-msgx -mbmi2 -mno-pconfig -mno-wbnoinvd -mno-tbm -mavx -mavx2 -msse4.2 -msse4.1 -mlzcnt -mrtm -mhle -mrdrnd -mf16c -mfsgsbase -mrdseed -mprfchw -madx -mfxsr -mxsave -mxsaveopt -mno-avx512f -mno-avx512er -mno-avx512cd -mno-avx512pf -mno-
      prefetchwt1 -mclflushopt -mxsavec -mxsaves -mno-avx512dq -mno-avx512bw -mno-avx512vl -mno-avx512ifma -mno-avx512vbmi -mno-avx5124fmaps -mno-avx5124vnniw -mno-clwb -mno-mwaitx -mno-clzero -mno-pku -mno-rdpid -mno-gfni -mno-shstk -mno-avx
      512vbmi2 -mno-avx512vnni -mno-vaes -mno-vpclmulqdq -mno-avx512bitalg -mno-avx512vpopcntdq -mno-movdiri -mno-movdir64b -mno-waitpkg -mno-cldemote -mno-ptwrite -mno-avx512bf16 -mno-enqcmd -mno-avx512vp2intersect --param l1-cache-size=32 -
      -param l1-cache-line-size=64 --param l2-cache-size=8192
      -mtune=skylake -O3

      gcc -march=skylake -O3 -E -v - </dev/null 2>&1 | grep cc1

      /usr/libexec/gcc/x86_64-pc-linux-gnu/10.2.0/cc1 -E -quiet -v - -march=skylake -O3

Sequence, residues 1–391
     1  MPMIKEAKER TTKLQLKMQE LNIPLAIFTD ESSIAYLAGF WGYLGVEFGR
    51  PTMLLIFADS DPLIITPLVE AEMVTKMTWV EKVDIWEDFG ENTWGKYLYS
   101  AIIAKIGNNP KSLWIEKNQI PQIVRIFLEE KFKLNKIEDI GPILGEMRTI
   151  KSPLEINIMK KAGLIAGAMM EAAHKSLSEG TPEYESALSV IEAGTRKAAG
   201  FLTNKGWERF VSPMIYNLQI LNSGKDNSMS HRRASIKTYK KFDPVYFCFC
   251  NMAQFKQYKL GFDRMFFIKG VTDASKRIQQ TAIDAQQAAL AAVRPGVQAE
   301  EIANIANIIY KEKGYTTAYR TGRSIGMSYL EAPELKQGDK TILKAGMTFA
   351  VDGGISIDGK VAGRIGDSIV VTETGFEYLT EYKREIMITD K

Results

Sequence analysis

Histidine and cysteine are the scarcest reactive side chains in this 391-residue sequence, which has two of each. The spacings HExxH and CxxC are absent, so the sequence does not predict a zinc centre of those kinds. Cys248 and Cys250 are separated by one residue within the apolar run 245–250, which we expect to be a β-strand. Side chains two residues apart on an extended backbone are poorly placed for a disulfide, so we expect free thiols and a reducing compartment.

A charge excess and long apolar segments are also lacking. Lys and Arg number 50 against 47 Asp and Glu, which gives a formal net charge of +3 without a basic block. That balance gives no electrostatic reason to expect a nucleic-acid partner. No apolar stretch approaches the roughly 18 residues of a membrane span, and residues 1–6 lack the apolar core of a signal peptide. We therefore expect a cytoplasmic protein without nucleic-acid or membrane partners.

Not sure if any of that'll make a difference but I expect the cache stuff might

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      • #4
        Nothing to see here

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        • #5
          Hopefully they will make some meaningful changes in the future.

          Comment


          • #6
            When the support is there, it would be nice to also start seeing x86-64v1 to x86-64v4 for the new generic CPU feature levels.

            Comment


            • #7
              So are any software developers creating binaries for distribution going to realistically target Zen 3 when compiling, or are they more likely to use x86-64?

              In this instance, you were able to run code compiled with a Skylake target on a Zen 3 CPU, but would that always be the case? Or are there situations where specifying specific architectures like that will result in incompatibility with compiled binaries?